Instead of sitting back, Twins hit ground running toward '92 GM MacPhail has full off-season agenda


MINNEAPOLIS -- Minnesota Twins general manager Andy MacPhail, also known as "the boy genius" in some circles, was on a plane to Florida yesterday. He couldn't even sit still long enough to take part in today's Twin Cities championship celebration.

"No parade for me," said MacPhail, just minutes after the Twins had completed their amazing worst-to-first run with a dramatic 1-0 victory over the Atlanta Braves in the seventh game of the 88th World Series. "When Gene Larkin got the deep hit and Gladden scored, it was the beginning of the 1992 season."

The Twins apparently aren't going to let any artificial turf grow under their feet this off-season. MacPhail, manager Tom Kelly and the rest of the team's player personnel division will visit the Florida Instructional League and convene a series of organizational meetings this week, though Kelly will remain in Minnesota to take part in the championship celebrations that will take place today in both Minneapolis and St. Paul.

If there ever was a time to rest on your laurels, this is it, but the Twins learned last year how important the off-season can be. VTC They signed free-agent pitcher and eventual World Series MVP Jack Morris last winter. They also signed run-production leader Chili Davis during the new-look free-agency period. This year, the emphasis probably will be on re-signing some of their own players, but they saw what happened when the Cincinnati Reds and Oakland Athletics stopped to smell the roses after last year's World Series.

The Twins do not want to go back where they came from. They won the world championship in 1987 and proceeded to slip out of contention in the American League West. Give some credit where credit is due -- the A's were the best team in baseball for much of the past three years -- but the Twins finished last in 1990 with many of the same players who defeated the St. Louis Cardinals in the 84th World Series.

"These organizational meetings are the most important part of our job," said MacPhail, who did such a job that the Twins made the most dramatic turnaround in baseball history. "It will be another exciting off-season. It never stops."

The Twins never stopped, though they may have stopped a few hearts along the way. They blew out the division favorite A's and a Chicago White Sox team that was supposed to win if the A's didn't. They made short work of the AL East champion Toronto Blue Jays, winning the playoffs in five games. They forced their hybrid form of dome-ball onto the national consciousness again. And they did something even more unexpected than all of that -- they got Kelly to come off as a likable guy in front of the cameras.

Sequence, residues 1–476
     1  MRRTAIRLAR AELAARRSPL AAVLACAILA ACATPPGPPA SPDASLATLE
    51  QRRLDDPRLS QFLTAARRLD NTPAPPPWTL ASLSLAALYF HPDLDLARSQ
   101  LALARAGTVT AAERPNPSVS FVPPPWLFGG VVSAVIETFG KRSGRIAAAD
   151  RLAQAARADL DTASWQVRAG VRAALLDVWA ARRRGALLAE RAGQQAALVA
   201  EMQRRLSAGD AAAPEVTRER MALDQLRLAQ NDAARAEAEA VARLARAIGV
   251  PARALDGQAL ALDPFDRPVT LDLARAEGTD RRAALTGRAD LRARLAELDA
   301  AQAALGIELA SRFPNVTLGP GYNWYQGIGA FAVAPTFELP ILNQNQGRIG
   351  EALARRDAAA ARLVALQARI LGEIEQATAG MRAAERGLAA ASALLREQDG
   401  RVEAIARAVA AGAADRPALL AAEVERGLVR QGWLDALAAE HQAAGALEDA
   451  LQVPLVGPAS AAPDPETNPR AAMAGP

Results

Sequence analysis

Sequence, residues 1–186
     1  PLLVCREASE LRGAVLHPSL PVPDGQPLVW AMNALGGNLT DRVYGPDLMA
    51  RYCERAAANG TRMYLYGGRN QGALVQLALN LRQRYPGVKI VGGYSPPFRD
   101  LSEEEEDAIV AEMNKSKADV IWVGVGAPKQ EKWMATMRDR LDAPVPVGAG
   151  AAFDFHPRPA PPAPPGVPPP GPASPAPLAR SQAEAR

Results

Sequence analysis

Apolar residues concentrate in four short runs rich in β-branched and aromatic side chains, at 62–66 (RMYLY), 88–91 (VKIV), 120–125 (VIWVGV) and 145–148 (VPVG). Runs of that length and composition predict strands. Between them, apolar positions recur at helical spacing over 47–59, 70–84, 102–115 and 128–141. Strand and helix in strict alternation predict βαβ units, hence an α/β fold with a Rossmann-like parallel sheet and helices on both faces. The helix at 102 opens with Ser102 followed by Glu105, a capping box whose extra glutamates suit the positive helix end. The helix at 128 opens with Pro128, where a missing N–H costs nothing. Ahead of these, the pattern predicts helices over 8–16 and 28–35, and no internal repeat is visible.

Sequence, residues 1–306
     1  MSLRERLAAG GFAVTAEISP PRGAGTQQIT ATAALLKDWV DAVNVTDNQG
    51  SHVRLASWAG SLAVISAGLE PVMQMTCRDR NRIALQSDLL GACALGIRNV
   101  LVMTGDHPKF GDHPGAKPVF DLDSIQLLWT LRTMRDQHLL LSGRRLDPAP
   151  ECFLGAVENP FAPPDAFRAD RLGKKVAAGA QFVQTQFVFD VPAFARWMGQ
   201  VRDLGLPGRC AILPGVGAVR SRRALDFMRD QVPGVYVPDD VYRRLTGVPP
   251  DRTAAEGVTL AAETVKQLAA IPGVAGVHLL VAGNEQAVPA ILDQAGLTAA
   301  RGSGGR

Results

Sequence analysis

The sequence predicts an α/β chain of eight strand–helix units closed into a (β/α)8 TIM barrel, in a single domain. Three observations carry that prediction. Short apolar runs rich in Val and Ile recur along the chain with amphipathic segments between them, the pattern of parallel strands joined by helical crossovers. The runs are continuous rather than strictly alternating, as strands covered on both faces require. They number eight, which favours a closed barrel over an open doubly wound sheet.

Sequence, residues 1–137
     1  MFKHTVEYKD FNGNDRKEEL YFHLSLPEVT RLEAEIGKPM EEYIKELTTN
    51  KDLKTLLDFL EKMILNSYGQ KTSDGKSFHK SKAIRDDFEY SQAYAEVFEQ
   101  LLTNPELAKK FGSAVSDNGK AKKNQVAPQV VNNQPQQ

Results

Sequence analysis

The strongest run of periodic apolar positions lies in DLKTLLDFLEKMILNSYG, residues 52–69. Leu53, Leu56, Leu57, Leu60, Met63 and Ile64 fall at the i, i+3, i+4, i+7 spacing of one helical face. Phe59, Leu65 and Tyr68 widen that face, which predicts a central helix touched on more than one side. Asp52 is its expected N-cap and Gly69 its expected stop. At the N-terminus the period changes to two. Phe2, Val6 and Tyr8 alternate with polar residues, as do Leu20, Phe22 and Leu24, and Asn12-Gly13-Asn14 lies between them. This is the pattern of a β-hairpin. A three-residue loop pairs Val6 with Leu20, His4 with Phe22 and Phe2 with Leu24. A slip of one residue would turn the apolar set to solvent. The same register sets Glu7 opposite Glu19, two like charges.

The Braves' 1991 story is just as compelling, but they came up one game -- make that one run -- short. They watched in horror as Lonnie Smith pulled up momentarily at second base on an eighth-inning double by Terry Pendleton that should have scored him easily. Impressive as they were for so long, it apparently wasn't meant to be.

They had overcome the loss of left fielder Otis Nixon, who was leading the league in stolen bases when he was suspended for failing a drug test. They overcame the doubters and the Los Angeles Dodgers, and it seemed for a time that they might even overcome the decibels and the dome. But Morris finally pulled them from the threshold of a dream with a gutsy, 10-inning performance that proved again that he is one of the best of the big-game players.

"It's tough right now to realize what we accomplished, especially with another team over there celebrating," said Braves starter John Smoltz, who pitched 7 1/3 shutout innings in Game 7 before turning the game over to the Braves bullpen. "You never think about losing. Our first goal was to get to the World Series, get to that first plateau. It's not the end of the world. Now we need to go on. if we don't learn from this, there is something wrong with us."

Maybe the grind finally took its toll on the Braves, who were fighting uphill until they broke through with a 14-5 victory in Game 5 to force the Twins into a must-sweep situation at the Metrodome.

They beat out the Dodgers during the final weekend of the regular season. They swept the Pittsburgh Pirates in the final two games of the National League playoffs at Three Rivers Stadium. They came back from a two-game World Series deficit to win all three games at Atlanta-Fulton County Stadium. They needed one more game, but they never got that one big hit that would have turned Game 6 or 7 in their favor.

"Next year, I'd like to have [the division title] wrapped up by the middle of September," Braves manager Bobby Cox said. "It was really draining. We came back to catch the Dodgers and held on to win the division, then we beat the Pirates in a hard-fought series. We could have broken up several of these games with a big hit, but it didn't happen."

The Braves don't figure to have a busy off-season. General manager John Schuerholz knows the dangers of standing pat, but he has a young team that still is in development. There appears to be enough talent in Atlanta to stay at the top of the National League West for years to come. But whatever happens next year, they had an amazing run and played in a World Series that will not soon be forgotten.

"It surpassed our wildest dreams," said the Braves' Pendleton. "We just stopped one step short. It's the most exhausting, draining, totally unbelieveable thing I've ever been through, but I wouldn't have traded this experience for all the money in the world."

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